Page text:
The Sign

Although biblical scholars of varied religious backgrounds continue to debate the precise significance of Isaiah 7:14 (Jewish scholars disagree among themselves, as do Christian scholars), the overall meaning is clear: The prophet speaks of a supernatural event of great importance to the house of David, apparently the birth of a royal child. When read in the larger context of Isaiah 7–11, it is not difficult to see how Isaiah 7:14 was taken to be Messianic. Matthew therefore had good reason to cite this passage with reference to the birth of Jesus the Messiah.

Isaiah 7:14 is quoted only once in the entire New Testament, and when understood properly—in terms of Isaiah’s original prophecy and Matthew’s quotation (Matthew 1:23), you will see that the Messianic interpretation makes good scriptural sense.

The context

More than seven hundred years before the birth of Jesus, the people of Judah had a crisis on their hands. They were being attacked by their brothers in the north, the Israelites, who were joined by the Arameans. These enemy armies were heading toward Jerusalem, and their goal was to take the city, remove the reigning king (remember that in Judah, the king was always a descendant of David), and place their own man on the throne.

How real was the threat?

So real that it is the “house of David” that is addressed twice in Isaiah 7: 2, 13, something that takes on real significance when we realize that outside of this chapter of Isaiah, the phrase occurs only three other times in the remaining 165 chapters of the Major Prophets (two other times  Isaiah 16:5; 22:22; once in Jeremiah 21:12; not at all in Ezekiel).

This attack was nothing less than a frontal assault on God’s established dynasty, the dynasty from which the Messiah would come. Unfortunately, the current king in David’s line, Ahaz, was a faithless man who was more prepared to hire a foreign army to help him fight than to rely on God. And so it was that the Lord sent the prophet Isaiah to speak to this weak Davidic king, urging him to put his trust in Yahweh alone and assuring him that Judah’s enemies would be defeated (Isaiah 7:7-8, 9)

But Ahaz refused to stand firm in his faith, even when the Lord offered to give him a sign of supernatural proportions: “Ask the Lord your God for a sign, whether in the deepest depths or in the highest heights” (Isaiah 7:11). Faithless Ahaz wanted nothing to do with this. So the Lord rebuked him with these words: “Hear now, you house of David! Is it not enough to try the patience of men? Will you try the patience of my God also? Therefore the Lord himself will give you a sign: The virgin (העלמה) will be with child [or “is with child”] and will give birth to a son, and will call him Immanuel” (Isaiah 7:13, 14).
Notice that Ahaz is not simply addressed as the king, but rather as the representative of the house of David; the Hebrew here and in the next verse is in the plural, so Ahaz is not being addressed alone.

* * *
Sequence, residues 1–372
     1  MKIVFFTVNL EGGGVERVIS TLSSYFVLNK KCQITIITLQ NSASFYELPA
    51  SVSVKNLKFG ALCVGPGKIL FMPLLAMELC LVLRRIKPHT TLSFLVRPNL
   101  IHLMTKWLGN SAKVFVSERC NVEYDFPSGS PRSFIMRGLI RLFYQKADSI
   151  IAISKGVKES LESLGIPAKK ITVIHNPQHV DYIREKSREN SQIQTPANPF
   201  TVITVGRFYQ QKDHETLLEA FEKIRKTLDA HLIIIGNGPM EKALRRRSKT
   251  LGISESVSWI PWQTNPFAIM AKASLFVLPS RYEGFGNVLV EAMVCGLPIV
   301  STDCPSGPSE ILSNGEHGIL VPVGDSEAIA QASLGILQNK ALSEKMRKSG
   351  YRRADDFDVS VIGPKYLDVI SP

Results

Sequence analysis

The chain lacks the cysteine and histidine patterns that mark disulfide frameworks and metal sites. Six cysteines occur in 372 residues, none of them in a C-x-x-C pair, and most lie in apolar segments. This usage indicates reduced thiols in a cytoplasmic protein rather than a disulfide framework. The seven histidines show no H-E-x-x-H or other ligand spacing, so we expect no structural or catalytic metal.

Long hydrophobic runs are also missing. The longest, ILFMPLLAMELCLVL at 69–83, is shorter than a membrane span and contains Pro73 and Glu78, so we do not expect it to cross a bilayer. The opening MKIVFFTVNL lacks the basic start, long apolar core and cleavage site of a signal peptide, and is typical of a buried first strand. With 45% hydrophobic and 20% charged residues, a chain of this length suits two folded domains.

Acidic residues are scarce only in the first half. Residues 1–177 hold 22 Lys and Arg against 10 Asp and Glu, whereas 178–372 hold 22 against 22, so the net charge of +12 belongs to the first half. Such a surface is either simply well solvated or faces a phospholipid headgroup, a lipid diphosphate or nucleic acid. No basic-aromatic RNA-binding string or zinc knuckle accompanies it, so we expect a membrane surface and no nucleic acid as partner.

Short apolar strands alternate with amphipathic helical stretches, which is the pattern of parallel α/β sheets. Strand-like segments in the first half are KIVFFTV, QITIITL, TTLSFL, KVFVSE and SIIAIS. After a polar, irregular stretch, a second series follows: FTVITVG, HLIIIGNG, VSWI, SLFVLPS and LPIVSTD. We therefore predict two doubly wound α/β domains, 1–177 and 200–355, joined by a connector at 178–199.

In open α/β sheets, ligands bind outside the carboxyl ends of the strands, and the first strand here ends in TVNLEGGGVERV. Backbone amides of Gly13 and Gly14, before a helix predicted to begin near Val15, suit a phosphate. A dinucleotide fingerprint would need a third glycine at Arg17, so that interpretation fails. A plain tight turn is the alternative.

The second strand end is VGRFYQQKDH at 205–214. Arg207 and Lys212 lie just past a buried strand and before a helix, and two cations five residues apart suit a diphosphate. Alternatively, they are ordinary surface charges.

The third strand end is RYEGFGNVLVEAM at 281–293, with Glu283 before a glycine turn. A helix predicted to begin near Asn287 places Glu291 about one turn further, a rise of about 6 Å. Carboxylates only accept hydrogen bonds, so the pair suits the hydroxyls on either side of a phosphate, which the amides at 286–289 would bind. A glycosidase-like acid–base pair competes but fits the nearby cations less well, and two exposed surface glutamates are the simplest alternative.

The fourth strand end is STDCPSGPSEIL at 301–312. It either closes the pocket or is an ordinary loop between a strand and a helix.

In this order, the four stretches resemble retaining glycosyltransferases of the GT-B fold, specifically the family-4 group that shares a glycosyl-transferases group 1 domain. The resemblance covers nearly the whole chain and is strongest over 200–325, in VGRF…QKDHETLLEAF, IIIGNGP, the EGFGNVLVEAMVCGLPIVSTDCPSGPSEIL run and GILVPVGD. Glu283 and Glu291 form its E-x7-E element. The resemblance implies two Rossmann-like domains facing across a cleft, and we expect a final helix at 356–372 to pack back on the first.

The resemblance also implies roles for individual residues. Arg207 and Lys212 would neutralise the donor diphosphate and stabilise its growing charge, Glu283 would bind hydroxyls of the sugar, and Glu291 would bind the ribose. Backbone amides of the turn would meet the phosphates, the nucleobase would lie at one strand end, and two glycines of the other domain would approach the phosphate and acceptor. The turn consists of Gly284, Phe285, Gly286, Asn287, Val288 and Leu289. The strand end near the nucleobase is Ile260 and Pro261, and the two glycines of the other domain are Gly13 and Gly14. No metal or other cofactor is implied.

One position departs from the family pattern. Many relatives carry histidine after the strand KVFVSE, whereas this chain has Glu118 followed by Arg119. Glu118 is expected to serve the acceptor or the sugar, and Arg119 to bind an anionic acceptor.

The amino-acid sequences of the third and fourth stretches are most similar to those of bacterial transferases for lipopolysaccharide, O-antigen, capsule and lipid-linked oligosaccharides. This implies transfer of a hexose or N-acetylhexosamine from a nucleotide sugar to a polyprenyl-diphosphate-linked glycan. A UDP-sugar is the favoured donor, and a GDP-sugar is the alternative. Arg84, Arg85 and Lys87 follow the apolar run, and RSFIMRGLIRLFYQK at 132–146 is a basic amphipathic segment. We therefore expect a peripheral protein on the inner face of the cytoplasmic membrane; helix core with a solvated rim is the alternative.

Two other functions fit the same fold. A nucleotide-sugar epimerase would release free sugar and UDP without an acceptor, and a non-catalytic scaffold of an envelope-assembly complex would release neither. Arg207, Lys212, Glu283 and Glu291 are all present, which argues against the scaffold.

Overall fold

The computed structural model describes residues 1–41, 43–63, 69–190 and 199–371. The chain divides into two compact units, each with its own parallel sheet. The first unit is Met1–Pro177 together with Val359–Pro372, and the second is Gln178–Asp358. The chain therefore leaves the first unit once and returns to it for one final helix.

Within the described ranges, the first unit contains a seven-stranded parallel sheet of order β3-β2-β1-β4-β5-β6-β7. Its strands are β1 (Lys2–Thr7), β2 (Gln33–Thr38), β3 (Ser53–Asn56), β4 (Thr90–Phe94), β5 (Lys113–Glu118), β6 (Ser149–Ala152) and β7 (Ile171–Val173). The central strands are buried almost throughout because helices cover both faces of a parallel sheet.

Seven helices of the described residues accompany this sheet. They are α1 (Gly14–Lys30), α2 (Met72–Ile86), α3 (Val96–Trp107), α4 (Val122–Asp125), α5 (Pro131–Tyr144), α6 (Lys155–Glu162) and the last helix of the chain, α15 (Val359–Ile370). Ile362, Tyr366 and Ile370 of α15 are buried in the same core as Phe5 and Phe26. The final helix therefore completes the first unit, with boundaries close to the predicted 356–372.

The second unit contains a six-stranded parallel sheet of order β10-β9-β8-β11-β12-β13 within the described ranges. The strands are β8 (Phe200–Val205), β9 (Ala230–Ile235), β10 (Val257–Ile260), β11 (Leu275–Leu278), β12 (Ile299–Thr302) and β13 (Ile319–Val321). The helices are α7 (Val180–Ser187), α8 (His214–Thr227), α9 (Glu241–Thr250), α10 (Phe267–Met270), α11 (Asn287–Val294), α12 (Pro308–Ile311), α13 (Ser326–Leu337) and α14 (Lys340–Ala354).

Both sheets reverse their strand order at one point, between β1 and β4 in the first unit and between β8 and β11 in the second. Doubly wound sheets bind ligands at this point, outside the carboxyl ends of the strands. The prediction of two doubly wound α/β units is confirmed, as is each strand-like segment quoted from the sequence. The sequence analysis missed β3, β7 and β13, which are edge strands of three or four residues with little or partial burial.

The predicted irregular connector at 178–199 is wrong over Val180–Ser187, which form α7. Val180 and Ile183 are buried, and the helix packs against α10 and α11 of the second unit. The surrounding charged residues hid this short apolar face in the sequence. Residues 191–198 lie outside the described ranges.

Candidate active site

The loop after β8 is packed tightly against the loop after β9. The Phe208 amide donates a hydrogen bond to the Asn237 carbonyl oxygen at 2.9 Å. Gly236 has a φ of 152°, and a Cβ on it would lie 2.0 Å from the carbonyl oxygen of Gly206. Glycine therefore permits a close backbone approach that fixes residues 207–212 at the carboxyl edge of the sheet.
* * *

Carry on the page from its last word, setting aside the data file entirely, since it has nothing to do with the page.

That is the famous prophecy! The following verses, which clearly contain elements of judgment as well as deliverance, are not quoted as often but are certainly relevant (Isaiah 7:15-16, 17)

Who is this Immanuel?

  • a child to be born to Isaiah;
  • a child to be born to Ahaz;
  • a child to be born to one particular Judean woman at that time, although she is not specifically named in the context;
  • a child to be born to an unidentified Judean woman at that time.
The context does not make this clear (in spite of Isaiah 8:8; cf. also Isaiah 8:10; both verses have the words עמנו אל in the Hebrew text).

It would be fair to say, however, that the birth of the child has something to do with the future of the house of David, since

  1. The main threat of Israel and Aram, Judah’s enemies in this chapter, was that they would oust the Davidic king and put their own man on the throne;

  2. The Lord specifically says he will give a sign to the unbelieving house of David, and that sign has to do with the birth of a son;

  3. The following chapters, especially 9 and 11, contain some of the most significant Messianic prophecies in the Bible, focusing on the birth and supernatural reign of a new Davidic king.

We will return to the larger context of this passage after addressing several more questions.

What is the supernatural sign given by God?

Various people say:

  • Isaiah is simply predicting that the child born will be a boy (not the most supernatural sign, since the chances of being right are fifty-fifty);

  • the sign is to be found in the name Immanuel, which means “God is with us” (and will deliver us);

  • the sign is that the mother would prophesy for the first time (giving her son the name Immanuel by divine inspiration, which, of course, is hardly a sign if she already knew about this prophecy!);

The nature of the sign is found in Isaiah 7:14-17—in other words, a child will be born soon, bearing a significant name, and before he reaches a certain age, God will defeat Judah’s enemies

some say:

  • the nature of the sign is exactly the opposite, namely, that before the promised child reaches a certain age, Judah will be devastated;
  • the sign consists in the supernatural nature of the birth, since the woman who will conceive Immanuel will be a virgin.